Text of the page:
Verbal Or Non-Verbal, That Is The Question

Is your child verbal?

How would you answer this question when you can understand the handful of words that your “non-verbal” child has and know that he can answer yes and no questions with 95% accuracy? Man, oh man, I struggle with this.

Sol’s language center was completely wiped out by the three strokes he had at birth. We’ve always firmly believed that he is not cognitively delayed and that he understood everything we said to him, even though his expressive speech was severely delayed. He started to have words after we did our first round of hyperbaric oxygen therapy and his expressive speech has exploded since we did stem cell therapy back in March. To date, we figure that he has somewhere between 20 – 30 words, has just started stringing 2 words together, and, like Bea, will speak in his own language. (Sometimes I think Bea understands him as I will frequently find the two of them conversing back and forth.) Continue reading

A Little Stroll

When we got home from NAPA Center three weeks ago, I tried to make more of an effort to have Sol spend some time in his gait trainer each day.

When I say “make more of an effort”, that generally means that I’m successful maybe every few days because, let’s face it, if I were to do every activity that every single one of Solly’s therapists want me to do at home with him, we’d have enough activities to fill up 54 hours in one day. But, we’ll save the topic of “Mom is medical coordinator, researcher, therapist, advocate, all-while-trying-to-be-Mom” for another post.

While chatting with Jennifer, Solly’s PT at Full Circle Therapy, during last week’s hippotherapy appointment, I told her that we were struggling to find something at home to motivate him to take steps in his gait trainer. She suggested that we allow Solly to have alone time while in his gait trainer so he can work on figuring it out on his own. So, we took her advice and starting last week, for about 30 minutes before dinner, Solly would spend some time simply hanging out in one of his gait trainers. For a couple of nights, he’d shuffle forward a little bit and get stuck, so I’d adjust him and let him hang out so more.

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NAPA is Magical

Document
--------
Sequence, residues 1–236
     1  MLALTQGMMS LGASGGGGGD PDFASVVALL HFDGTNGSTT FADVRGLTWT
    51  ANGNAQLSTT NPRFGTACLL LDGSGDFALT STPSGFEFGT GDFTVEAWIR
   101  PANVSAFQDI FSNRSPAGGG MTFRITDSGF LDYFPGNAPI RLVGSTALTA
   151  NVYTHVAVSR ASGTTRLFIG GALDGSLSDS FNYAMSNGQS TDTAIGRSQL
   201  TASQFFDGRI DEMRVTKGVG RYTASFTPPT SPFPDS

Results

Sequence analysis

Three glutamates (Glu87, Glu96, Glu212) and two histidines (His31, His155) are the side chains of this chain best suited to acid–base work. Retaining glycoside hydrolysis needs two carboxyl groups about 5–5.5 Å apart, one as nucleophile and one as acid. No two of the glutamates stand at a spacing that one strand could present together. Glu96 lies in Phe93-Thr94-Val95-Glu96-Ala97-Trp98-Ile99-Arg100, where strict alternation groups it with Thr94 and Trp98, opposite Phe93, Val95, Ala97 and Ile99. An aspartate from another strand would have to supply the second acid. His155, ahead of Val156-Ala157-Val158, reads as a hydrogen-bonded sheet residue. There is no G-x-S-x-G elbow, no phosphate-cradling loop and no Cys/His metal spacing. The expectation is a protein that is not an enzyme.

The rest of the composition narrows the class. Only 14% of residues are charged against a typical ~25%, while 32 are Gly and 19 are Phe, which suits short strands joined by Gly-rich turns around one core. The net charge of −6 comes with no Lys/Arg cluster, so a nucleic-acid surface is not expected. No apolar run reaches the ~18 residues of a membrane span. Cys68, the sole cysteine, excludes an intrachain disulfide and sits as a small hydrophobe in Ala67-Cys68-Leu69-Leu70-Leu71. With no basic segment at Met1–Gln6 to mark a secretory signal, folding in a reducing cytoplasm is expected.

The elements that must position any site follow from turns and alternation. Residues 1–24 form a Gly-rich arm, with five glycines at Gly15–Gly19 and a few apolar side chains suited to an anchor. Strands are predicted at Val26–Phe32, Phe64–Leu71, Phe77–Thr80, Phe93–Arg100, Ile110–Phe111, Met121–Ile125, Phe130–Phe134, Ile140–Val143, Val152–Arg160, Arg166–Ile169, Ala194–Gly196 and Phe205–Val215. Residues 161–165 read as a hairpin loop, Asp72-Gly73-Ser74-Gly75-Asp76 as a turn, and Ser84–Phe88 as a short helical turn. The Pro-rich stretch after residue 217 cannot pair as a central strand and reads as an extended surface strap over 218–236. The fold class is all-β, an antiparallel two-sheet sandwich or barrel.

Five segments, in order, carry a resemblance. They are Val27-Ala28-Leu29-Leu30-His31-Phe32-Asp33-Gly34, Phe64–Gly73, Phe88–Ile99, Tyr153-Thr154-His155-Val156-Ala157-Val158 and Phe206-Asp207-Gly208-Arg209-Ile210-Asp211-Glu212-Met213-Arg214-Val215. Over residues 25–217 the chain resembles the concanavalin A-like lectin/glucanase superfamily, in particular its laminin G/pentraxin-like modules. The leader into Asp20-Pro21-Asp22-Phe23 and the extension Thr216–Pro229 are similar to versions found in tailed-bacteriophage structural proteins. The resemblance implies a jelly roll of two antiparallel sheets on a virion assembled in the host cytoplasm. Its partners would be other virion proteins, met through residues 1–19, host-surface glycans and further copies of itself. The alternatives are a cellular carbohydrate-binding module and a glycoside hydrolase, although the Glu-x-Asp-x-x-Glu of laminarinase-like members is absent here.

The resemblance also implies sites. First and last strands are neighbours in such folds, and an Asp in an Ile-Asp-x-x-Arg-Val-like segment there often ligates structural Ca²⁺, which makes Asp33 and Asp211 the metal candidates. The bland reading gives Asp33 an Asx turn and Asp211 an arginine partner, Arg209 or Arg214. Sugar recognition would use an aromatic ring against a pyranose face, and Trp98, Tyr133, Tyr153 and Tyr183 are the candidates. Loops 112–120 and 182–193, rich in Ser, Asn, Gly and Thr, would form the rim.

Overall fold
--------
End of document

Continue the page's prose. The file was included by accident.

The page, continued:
On Day 1 of our 3 week intensive at the NAPA Center, which stands for Neurological and Physical Abilitation and is located in Los Angeles (and Sydney and soon-to-be Boston) and NOT Napa Valley, I proudly posted a photo on Instagram of Solly kicking butt and standing (with assistance) during the first hour of his intensive therapy. A Mama of another CP kiddo quickly posted: “NAPA is magical! I hope you have a great experience.”

I smiled as I read her comment, thinking to myself – yeah, yeah, I’m sure it’s great, but we’ve done intensive therapy before and I’m pretty sure I know how everything will go.

Nope. I was wrong. That Mama was right. NAPA is the most magical and amazing place on Earth. Solly made the most gains I’ve ever seen him make in a short time period.

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Lately: On Specialists and Therapies

The other day, a neuromotor researcher asked me to send her a list of all the therapies we are doing as well as the specialists we regularly see.  With all the traveling we did and changes Solly went through in the last year, this seemingly simple request was not so simple! After our year of change, in my mind, we really pared down the number of therapies Solly did each week, but our schedule is still pretty full. The biggest difference is that we have more therapies that are fun for Sol and fewer that require him to sit still in a chair.

After racking my brain, here is the list that I sent her:

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Another Walk in the Park

We struggle with motivation. I always get a little envious when I see other babies just sit and play with toys or get up and walk toward their favorite stuffed animal. Bea would do just about anything for an episode of Sesame Street or for her Elmo stuffed animals. Nothing like this ever works for Solly. He’d rather just sit and chew on whatever is in his path than press buttons on a toy or play with a toy car.

This has made therapies – both in a clinical setting and at home – rather difficult. It’s impossible to work on Solly’s strength or functional movement if all he wants to do is hunker down and chomp on a puzzle piece. If a 3 year old doesn’t want to do the work and isn’t interested in anything that will trick him into doing the work, how can we make any gains?

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